My latest honor: “Crankster!”
I don’t usually pay attention to what the American Council for Science and Health (ACSH) says or does, mainly because it is a long-standing front group for the food and chemical industries, and it predictably supports the interests of those industries over public health (see US Right to Know’s analysis).
But then I read this from the Center on Media and Democracy: Corporate Front Group, American Council on Science and Health, Smears List of Its Enemies as “Deniers for Hire.”
Smeared by the site are scientists Tyrone Hayes, Stephanie Seneff, and Gilles-Éric Séralini; New York Times reporter Danny Hakim and columnist Mark Bittman; well-known food and science writer Michael Pollan; nutrition and food studies professor Marion Nestle; public interest groups like U.S. Right to Know, Greenpeace, Natural Resources Defense Council (NRDC), Sierra Club, the Environmental Working Group, and Union of Concerned Scientists; past and present CMD staff, and many other individuals ACSH does not like.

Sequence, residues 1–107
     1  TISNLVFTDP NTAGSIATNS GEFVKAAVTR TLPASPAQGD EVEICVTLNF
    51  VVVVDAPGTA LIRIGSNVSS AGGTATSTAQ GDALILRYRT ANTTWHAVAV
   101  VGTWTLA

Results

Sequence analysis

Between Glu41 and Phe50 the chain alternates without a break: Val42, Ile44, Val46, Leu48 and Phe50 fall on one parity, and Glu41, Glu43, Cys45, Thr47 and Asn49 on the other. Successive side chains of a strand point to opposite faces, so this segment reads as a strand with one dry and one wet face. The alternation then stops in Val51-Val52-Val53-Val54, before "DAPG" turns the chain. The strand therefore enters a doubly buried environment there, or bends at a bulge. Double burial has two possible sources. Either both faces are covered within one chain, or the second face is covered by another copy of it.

Clearly, I’m in good company. But what, exactly, have I—a “Crankster,” apparently—done to deserve this honor? It seems that I:
- Support organic foods. Yes, I do. They are far better for the environment. I explain why I favor organics in my book, What to Eat (2006).
- Express concerns about the safety of glyphosate. Guilty as charged, and I’m not the only one; the International Agency for Cancer Research says glyphosate (Roundup) is likely to be carcinogenic.
- Joined in attacks on Kevin Folta: Sorry—this one baffles me. I don’t recall ever commenting on Dr. Folta or his work (he’s mentioned on this site once, in a list of documents obtained by the New York Times). Perhaps ACSH is referring to my concerns about the aggressive tactics of the GMO industry and its supporters, which I wrote about in detail in my book, Safe Food (2003).
- Express concerns about food chemicals. I am indeed concerned about these chemicals, especially with respect to increasing evidence that they harm soil, beneficial insects (bees in particular), and, perhaps, humans.
- Express concerns about the role of the food industry in promoting unhealthful products. Also, guilty as charged. I write carefully referenced books on this topic, particularly Food Politics (2002) and Soda Politics (2015).
- Express concerns about industry funding of nutrition research. That’s the topic of my most recent, also extensively referenced, Unsavory Truth: How Food Companies Skew the Science of What We Eat.
What can I say? Read my work and decide for yourself if such concerns are justified.